At today’s eBay earnings conference call with analysts, eBay CEO Meg Whitman reported with respect to Skype:
- Higher revenues and ongoing operating profitability for Skype in Q3
- Less pleased with user metrics: flat (SkypeOut) or declining (Skype) usage minutes
- Earnout placed the wrong incentives on how Skype should grow its business
- Not enough focus on "Delight the User"
- Confident in Skype as a long term investment
- New CEO search has generated strong interest from candidates both inside and outside eBay, largely due to the Skype brand
The Earnout’s Consequences
In response to questioning from an analyst, Meg responded that the earnout effectively placed focus on meeting revenue and gross profit objectives at the expense of attracting and engaging users. Her summary statement: "we tried to monetize Skype too early", especially when Skype’s original value proposition was "you can talk for free". She specifically mentioned user interfaces and customer support as areas that had suffered as a result of the earnout focus; in addition, profits at Skype had actually exceeded their original 2007 business plan. But they had dropped too much profitability to the bottom line instead of focusing on using their unexpected profits in 2007 to drive early user engagement through additional investments in marketing and customer support.
She certainly expressed relief that eliminating the earnout meant they could move forward by doing the things that are really required to build the business such as improving the user experience, driving user adoption and developing new products and features.
Personally my observation with earnouts is that they fail to create the win-win situation all parties think they are heading towards at the time of an acquisition. The goals in earnouts tend to defocus from the goals needed to truly build a business and create disincentives to innovation and team building somewhere along the line. My speculation: a big part of Skype’s problems probably can be tied to the fact very few internal employees, especially at the management level, had any direct interest in the earnout. Yet I have to say that Skype employees I have met are self-motivated by knowing that they can make a difference in their users’ lives through inexpensive real time conversations.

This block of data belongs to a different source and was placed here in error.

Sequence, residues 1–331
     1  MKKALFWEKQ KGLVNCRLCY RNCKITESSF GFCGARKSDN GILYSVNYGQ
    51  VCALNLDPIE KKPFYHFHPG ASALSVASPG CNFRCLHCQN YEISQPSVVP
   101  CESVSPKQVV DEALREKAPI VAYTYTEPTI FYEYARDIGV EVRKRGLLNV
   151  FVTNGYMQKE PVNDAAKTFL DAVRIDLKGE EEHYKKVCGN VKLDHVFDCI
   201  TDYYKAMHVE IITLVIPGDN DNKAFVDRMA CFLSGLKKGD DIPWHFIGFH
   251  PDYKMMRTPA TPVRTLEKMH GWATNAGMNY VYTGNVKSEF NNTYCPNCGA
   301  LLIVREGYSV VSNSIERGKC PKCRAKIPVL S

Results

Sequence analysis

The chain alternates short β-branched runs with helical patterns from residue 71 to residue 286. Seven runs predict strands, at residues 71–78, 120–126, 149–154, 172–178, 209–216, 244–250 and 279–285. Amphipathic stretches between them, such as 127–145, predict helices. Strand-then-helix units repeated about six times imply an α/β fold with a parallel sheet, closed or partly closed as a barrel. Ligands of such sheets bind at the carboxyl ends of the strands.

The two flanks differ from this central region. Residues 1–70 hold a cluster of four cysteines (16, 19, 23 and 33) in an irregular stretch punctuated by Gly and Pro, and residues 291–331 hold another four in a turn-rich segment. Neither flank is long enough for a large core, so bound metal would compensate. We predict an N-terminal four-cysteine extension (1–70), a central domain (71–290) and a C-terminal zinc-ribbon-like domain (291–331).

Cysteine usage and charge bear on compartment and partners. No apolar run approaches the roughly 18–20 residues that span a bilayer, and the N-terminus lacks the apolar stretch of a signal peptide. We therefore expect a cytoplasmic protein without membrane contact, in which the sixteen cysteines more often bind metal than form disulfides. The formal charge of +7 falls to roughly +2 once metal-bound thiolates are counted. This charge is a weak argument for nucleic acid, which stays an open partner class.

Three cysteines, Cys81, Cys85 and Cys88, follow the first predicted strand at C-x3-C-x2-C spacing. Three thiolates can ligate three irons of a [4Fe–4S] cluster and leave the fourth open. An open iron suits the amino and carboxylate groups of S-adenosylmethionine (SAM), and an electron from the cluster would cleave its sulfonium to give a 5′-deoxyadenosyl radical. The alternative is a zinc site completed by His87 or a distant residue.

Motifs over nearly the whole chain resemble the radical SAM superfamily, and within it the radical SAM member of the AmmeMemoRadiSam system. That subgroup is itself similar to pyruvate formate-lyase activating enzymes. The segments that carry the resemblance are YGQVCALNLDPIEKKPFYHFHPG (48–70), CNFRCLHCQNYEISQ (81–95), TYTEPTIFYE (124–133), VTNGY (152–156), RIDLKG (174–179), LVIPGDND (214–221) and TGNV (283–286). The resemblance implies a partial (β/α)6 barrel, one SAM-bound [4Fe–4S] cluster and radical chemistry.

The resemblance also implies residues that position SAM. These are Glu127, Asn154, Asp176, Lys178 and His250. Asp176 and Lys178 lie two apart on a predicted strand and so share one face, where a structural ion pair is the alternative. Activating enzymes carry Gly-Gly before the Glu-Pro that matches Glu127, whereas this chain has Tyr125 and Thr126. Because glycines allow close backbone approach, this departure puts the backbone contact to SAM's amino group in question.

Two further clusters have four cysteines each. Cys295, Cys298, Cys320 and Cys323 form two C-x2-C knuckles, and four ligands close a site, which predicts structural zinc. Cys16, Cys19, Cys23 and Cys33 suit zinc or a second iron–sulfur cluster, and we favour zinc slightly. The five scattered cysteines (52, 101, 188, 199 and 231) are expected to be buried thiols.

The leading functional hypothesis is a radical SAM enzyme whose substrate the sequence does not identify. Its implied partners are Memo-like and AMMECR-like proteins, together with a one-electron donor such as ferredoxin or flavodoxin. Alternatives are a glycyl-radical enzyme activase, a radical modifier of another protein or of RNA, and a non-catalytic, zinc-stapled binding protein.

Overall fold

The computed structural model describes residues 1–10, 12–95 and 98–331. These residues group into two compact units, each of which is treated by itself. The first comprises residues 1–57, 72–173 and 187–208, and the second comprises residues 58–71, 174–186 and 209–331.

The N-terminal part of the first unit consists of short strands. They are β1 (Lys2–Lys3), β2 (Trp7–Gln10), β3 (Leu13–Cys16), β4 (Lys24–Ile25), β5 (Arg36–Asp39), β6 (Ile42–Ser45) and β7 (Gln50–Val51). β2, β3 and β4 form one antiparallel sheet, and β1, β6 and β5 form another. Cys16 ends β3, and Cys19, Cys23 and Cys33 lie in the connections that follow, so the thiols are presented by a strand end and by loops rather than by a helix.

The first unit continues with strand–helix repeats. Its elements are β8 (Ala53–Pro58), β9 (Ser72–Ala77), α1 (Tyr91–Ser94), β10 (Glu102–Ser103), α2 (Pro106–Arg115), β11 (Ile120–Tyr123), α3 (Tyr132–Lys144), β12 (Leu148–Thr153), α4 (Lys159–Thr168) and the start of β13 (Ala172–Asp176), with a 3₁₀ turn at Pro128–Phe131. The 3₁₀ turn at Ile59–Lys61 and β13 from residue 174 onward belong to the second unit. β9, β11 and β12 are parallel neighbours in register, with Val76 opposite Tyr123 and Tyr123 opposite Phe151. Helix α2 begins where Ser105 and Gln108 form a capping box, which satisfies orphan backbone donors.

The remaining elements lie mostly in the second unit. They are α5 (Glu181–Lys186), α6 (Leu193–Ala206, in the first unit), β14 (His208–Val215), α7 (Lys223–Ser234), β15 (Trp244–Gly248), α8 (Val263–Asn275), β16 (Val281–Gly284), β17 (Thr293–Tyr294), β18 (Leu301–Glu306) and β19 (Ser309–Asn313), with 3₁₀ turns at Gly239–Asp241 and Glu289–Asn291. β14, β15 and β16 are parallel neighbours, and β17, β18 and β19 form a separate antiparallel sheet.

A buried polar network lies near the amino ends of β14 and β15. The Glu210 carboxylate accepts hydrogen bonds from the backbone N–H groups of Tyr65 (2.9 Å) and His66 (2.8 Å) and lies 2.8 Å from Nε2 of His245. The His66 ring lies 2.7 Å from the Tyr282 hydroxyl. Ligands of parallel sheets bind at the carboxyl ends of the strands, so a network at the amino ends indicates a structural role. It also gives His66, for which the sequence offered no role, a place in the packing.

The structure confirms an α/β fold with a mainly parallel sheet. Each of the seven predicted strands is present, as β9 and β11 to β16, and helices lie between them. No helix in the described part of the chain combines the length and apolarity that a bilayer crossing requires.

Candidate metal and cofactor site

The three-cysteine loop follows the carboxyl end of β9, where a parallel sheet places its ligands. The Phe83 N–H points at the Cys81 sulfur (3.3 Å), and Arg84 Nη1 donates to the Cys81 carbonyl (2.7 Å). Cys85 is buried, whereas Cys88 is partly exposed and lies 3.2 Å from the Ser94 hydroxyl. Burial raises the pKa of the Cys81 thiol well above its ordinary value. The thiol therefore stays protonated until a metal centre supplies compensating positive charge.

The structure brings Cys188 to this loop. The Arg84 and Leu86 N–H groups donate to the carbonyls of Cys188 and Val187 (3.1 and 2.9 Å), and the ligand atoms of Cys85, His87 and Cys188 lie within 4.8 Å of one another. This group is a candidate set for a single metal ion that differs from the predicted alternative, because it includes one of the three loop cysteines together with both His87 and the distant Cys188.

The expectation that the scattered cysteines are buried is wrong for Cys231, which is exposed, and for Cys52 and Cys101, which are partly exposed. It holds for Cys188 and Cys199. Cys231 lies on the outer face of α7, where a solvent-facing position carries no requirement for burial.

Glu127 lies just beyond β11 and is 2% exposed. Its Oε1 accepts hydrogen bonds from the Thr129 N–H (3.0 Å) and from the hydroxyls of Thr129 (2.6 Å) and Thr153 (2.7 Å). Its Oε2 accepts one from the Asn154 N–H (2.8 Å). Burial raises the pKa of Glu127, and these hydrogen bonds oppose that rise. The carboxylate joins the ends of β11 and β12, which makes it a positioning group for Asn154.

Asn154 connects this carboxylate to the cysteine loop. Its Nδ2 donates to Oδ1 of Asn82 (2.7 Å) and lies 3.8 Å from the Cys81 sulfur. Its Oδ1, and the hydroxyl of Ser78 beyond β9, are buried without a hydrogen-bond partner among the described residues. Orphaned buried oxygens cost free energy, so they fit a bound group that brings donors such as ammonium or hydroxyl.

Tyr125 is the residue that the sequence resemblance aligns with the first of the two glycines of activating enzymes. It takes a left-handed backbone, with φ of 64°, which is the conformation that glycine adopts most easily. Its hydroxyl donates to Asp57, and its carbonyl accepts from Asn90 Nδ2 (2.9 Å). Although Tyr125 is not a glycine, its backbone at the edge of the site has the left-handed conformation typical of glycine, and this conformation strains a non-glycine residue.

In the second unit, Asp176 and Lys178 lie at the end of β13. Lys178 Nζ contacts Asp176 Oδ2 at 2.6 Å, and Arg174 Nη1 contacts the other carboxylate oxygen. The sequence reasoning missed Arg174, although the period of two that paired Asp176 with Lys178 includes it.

While my Skype Primer series has provided significant background on where Skype is today, going forward Skype has three key assets:
- Strong brand recognition
- Significant new product development and partner relationships
- A very keen, enthusiastic employee base
I have found these three factors have been the foundation for successful reorganizations in the past; ineffective baggage has been discarded; the new CEO can start with a clean slate. Analysts are more interested in knowing that processes, such as eBay’s annual strategic planning exercise over the summer, were in place to facilitate the decision to make changes as opposed to arbitrary, irrational decision making. The challenge now is for eBay’s board to select the right CEO.
Earlier Meg had stated the overall objectives for Skype going forward would include:
- Prioritize resources
- Refocus the team
- Ensure Skype users will continue to enjoy and benefit from "this great technology"
- Renew efforts at finding synergy with eBay and PayPal
- Make Skype available across many platforms (such as MySpaceIM)
As for eBay’s divesting its interest in Skype, forget it. Get ready for the ride…. may the incentives and atmosphere for innovation at Skype be restored.
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